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Who is attacking IoT? What do they want?

Who is attacking IoT? What do they want?

The motivation of hackers sometimes can be plain as day. Other times, not so much.

As attacks on Internet of Things (IoT) devices and deployments escalate, it is important to understand what these attackers are trying to accomplish. Understanding these motives, after all, can help us to pinpoint why a security vulnerability represents a risk, to prioritize mitigation and defenses, and to focus responses to attacks.

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New IDE version produces shorter time-to-market for secure IoT devices and embedded Linux applications

New IDE version produces shorter time-to-market for secure IoT devices and embedded Linux applications

This week we announced a new release of our TimeStorm Integrated Development Environment (IDE). TimeStorm 5.3.2 IDE is designed to streamline, simplify and accelerate the development of secure Internet of Things (IoT) and embedded Linux applications.

In an era of heightened awareness of embedded software security and device security risks, product developers need to be able to adopt security best practices without delaying the development and release of new products.

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Progress toward IoT security … a little less conversation, a little more action please

Progress toward IoT security … a little less conversation, a little more action please

Research, reporting and commentary about Internet of Things security has made a flurry of technology headlines over the past several years. And industry observers are commenting that IoT security may finally be gaining the attention it deserves among technology decision makers.

So will 2019 be a milestone year for IoT security?

Or will more IoT security failures lead to more industry regulation, more vendor criticism and more conversation, not enough action?

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Another Record Year for Vulnerabilities … Time to Join the CIA?

Another Record Year for Vulnerabilities … Time to Join the CIA?

 

 

This blog post is published as a guest post on Embedded Computing Design.

In mid-November, the total count of vulnerabilities reported in 2018 surpassed the total for 2017, setting a new record for vulnerabilities with six weeks left in the calendar year.

At this pace, we are on track to see the count of Common Vulnerabilities & Exposures (CVEs), the authoritative index of confirmed IT system vulnerabilities, reach 16,000 or more vulnerabilities for this year, according to tracking site CVE Details.

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The new focus on ‘Security by Design’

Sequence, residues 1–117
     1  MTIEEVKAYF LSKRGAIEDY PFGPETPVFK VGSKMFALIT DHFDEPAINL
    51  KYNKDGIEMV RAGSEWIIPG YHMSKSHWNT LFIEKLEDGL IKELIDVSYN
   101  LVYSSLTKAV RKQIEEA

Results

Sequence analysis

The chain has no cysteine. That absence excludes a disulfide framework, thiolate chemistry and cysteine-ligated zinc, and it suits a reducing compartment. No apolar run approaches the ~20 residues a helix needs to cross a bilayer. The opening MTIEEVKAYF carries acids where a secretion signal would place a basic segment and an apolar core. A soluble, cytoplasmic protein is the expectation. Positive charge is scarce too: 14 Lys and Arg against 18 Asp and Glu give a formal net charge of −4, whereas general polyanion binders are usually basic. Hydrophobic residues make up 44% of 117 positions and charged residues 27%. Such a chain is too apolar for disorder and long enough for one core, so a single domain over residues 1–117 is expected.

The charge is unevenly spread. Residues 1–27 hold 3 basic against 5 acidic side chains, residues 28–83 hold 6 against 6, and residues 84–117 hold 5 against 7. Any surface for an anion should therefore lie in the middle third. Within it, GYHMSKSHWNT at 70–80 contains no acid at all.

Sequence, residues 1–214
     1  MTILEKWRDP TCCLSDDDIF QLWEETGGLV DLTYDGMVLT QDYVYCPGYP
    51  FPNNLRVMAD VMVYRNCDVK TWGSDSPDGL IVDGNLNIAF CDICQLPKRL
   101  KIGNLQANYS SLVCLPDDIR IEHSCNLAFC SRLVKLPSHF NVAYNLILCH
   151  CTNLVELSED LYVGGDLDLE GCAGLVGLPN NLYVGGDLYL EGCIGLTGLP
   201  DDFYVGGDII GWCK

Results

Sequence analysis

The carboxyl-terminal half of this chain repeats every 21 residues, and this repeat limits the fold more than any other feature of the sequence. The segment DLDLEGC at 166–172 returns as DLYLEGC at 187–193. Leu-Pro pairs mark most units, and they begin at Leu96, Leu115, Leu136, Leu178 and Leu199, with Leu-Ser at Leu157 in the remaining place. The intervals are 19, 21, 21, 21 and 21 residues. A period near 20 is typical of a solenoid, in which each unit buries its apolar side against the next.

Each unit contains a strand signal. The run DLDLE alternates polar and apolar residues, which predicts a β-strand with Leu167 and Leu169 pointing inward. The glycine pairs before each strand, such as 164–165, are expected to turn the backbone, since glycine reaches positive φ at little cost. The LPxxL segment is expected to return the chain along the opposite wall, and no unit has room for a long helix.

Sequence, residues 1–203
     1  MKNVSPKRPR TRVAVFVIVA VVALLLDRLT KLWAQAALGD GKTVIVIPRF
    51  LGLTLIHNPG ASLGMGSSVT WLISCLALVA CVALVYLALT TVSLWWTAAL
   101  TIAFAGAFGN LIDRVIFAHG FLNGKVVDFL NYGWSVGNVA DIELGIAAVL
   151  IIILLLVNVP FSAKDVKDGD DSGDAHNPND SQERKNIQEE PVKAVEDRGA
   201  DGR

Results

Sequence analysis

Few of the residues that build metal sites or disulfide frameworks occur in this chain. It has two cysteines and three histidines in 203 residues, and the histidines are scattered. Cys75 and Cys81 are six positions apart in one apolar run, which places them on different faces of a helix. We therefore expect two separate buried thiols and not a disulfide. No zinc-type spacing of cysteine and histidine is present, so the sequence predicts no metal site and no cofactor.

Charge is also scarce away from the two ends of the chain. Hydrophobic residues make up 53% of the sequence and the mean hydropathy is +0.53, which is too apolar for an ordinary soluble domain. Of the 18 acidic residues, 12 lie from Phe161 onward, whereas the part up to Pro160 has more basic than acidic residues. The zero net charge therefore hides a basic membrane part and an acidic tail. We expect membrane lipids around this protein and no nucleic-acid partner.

The new focus on ‘Security by Design’

As the flood of vulnerabilities continues to rise, attention is turning to how embedded system products can be made more secure.

Almost 20 years ago, the concept of security by design was a popular new trend in software development. The focus on baking in security at product design stages was driven by the massive rise in on-line applications, e-commerce features and other Internet-connected, web-enabled software.

As these systems and applications were deployed and became widespread, the expanding attack surface made them attractive targets for attackers looking to steal user information and financial data. So naturally the industry’s response was to rethink and reinvent security in the new threat environment. That meant defining best practices for creating more secure applications at the design stage.

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Vulnerabilities keep piling up … time to make security a product differentiator?

Vulnerabilities keep piling up … time to make security a product differentiator?

Is your product the “Volvo” of embedded system products? For decades, carmaker Volvo has been known as a maker of safe vehicles.

While all makes of cars are generally much safer than in decades past, and some observers rank some other brands’ models higher in safety, there is no dispute that Volvo has made safety a cornerstone of its brand. Like other car brands have focused on qualities like luxury, reliability or the driving experience, Volvo has emphasized safety as a chief value of its products.

Perhaps soon we will see a Volvo-style strategy emerging from the makers of embedded system devices and the Internet of Things (IoT). In fact, with the volume of security vulnerabilities reaching an all-time high, there’s a prime opportunity for a device maker to become known market-wide as a “security first” product developer whose customers are more protected from cyberattack.

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Will more embedded device makers fix security before massive fines force them to do it?

Will more embedded device makers fix security before massive fines force them to do it?

Security of smart devices is getting worse, says a penetration testing expert, who blames suppliers of connected devices that ignore security and privacy issue notifications.

Is the answer more security regulations and laws, or is it better product strategy?

Computer Weekly reported this week on security expert Ken Munro’s comments in a conference presentation in which he blasted many embedded system suppliers for not seeming to care about securing their products.

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